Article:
At the height of the toilet paper binge, when it was almost unobtainable, a local jeweller began to offer toilet paper for sale at $5,000 a roll. Everyone who bought a roll was given a free gold ring...

Shopping habits have changed drastically. No longer can you just dash off to the supermarket whenever you feel like it to quickly pick up whatever small item it is that you need for tonight’s dinner. Instead, you now have to plan your menus far in advance and turn up with a list so that you don’t forget anything. It pays to be thoroughly prepared because you will have to queue to get in and everything will take a lot longer than once it did.

Our local supermarket has helpfully painted a set of red lines on the approach to the entrance. The lines are two metres apart so that all the people in the queue can maintain their social distance while they wait to be let in. People are only allowed in to the store on a "one out, one in" basis. When one person leaves the shop, the person at the head of the queue is allowed to enter. The rule is designed to stop the store from getting too crowded so that people can maintain a social distance even within the supermarket aisles. It seems to work well.

At first I didn’t have to queue for very long when I went shopping. All I had to do was produce my Super Gold Card which proved that I was old and decrepit and a member of an at risk group for covid-19 infection. Immediately I would be ushered straight to the front of the queue. Shopping had never been so quick and easy for me! Long live level 4!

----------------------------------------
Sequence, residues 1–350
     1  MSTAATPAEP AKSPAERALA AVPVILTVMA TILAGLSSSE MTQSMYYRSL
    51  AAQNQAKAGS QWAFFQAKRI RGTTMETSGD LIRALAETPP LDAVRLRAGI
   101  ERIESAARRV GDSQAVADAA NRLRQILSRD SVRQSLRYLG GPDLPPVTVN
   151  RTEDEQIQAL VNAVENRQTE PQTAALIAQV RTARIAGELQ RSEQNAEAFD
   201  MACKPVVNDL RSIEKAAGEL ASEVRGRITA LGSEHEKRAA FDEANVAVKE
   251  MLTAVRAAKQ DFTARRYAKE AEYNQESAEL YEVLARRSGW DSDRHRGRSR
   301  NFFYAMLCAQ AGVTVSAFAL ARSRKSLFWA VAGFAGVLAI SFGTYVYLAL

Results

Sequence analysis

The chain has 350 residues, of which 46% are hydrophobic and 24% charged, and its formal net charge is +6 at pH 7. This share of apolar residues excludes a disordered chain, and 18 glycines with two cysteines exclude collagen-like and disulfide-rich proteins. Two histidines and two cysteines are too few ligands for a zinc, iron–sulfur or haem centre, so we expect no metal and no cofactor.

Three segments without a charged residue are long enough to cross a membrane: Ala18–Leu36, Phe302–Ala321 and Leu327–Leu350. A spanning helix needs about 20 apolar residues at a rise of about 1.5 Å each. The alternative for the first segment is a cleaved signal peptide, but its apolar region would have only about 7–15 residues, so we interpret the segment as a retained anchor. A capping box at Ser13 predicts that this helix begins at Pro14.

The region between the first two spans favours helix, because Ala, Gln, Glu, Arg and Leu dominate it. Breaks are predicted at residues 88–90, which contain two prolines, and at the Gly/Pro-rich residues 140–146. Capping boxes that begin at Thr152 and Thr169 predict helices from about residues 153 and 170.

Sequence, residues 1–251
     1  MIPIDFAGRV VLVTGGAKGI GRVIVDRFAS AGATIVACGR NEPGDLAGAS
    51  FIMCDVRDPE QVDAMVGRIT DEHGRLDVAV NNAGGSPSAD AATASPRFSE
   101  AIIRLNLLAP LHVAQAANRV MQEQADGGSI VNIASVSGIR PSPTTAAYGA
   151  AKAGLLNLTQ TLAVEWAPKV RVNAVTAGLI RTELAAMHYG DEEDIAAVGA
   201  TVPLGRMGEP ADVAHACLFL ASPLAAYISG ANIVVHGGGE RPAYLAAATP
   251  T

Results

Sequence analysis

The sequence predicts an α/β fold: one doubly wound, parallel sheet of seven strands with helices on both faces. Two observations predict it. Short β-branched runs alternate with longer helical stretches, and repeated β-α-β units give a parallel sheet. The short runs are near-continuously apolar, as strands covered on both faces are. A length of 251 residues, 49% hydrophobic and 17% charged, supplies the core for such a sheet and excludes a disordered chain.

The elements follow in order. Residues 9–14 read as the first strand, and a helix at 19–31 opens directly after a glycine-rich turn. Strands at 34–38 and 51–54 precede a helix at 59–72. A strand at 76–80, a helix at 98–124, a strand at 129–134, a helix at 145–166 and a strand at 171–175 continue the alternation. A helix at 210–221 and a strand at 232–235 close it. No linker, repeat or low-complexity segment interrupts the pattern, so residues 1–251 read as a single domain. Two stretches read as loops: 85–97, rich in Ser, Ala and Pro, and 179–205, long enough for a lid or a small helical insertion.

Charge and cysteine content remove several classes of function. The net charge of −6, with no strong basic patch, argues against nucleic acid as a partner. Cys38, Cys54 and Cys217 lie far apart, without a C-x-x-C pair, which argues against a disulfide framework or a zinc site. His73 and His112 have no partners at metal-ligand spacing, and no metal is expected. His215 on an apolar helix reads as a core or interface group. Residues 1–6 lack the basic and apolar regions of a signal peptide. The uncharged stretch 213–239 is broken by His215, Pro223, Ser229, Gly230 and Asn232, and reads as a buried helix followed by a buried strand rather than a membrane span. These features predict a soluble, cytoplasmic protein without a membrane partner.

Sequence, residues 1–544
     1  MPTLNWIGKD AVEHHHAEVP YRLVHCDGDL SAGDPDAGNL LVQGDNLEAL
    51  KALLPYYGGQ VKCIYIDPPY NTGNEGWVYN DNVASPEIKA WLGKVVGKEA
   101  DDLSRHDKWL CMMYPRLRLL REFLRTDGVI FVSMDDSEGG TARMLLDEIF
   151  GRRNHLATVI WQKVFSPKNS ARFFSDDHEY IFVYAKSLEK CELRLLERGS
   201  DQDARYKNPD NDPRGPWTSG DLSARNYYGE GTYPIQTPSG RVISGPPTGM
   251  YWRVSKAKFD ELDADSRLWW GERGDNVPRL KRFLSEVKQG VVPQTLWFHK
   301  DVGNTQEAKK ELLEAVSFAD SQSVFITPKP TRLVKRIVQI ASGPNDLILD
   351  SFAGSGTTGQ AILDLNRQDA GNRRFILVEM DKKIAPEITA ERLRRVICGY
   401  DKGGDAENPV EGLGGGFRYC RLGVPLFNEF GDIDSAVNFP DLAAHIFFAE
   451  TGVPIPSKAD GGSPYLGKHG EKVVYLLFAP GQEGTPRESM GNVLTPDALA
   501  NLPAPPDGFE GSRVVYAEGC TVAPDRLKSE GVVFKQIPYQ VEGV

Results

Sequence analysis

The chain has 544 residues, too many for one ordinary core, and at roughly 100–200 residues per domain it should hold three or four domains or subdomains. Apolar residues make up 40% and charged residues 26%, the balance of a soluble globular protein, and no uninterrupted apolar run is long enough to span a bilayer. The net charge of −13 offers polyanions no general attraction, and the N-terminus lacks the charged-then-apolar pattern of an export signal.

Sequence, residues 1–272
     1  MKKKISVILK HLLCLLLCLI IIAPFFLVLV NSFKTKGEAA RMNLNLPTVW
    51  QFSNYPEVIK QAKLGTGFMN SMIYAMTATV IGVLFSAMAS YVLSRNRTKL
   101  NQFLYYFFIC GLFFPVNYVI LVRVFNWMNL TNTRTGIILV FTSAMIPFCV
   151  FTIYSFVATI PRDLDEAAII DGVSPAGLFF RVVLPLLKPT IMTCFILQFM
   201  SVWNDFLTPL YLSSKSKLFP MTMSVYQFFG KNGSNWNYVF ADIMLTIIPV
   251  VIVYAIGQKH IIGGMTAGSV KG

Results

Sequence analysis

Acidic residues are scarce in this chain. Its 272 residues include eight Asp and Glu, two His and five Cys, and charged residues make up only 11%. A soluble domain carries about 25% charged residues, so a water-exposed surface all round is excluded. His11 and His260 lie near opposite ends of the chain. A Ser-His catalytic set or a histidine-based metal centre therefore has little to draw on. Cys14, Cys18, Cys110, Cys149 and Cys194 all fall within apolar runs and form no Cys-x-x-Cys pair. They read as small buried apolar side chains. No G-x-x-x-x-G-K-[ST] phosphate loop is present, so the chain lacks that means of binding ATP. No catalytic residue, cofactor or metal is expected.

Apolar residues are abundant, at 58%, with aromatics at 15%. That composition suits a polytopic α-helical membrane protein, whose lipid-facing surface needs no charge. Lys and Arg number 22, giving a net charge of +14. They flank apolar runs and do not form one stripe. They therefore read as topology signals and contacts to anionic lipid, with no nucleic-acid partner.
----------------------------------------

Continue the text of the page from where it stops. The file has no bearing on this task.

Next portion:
Sadly all that has stopped now. I went to the supermarket yesterday, produced my gold card as usual, and was told, "Sorry, mate. We aren’t allowed to give you priority any more. We’ve had a memo from head office". I was sent to the back of the queue and treated just like everybody else. Clearly head office is now keen to eliminate all its older customers by forcing them to stand outside for hours in all weathers in the hope that they will catch something nasty, get very sick and then die. After all, old people don’t have nearly as much money to spend on toilet paper and hand sanitiser as the younger customers do, so the sooner they drop down dead, the better for all concerned. Their absence will leave more room for the younger, richer customers to come shopping. Supermarket managers are notoriously hard hearted when it comes to maximising their turnover.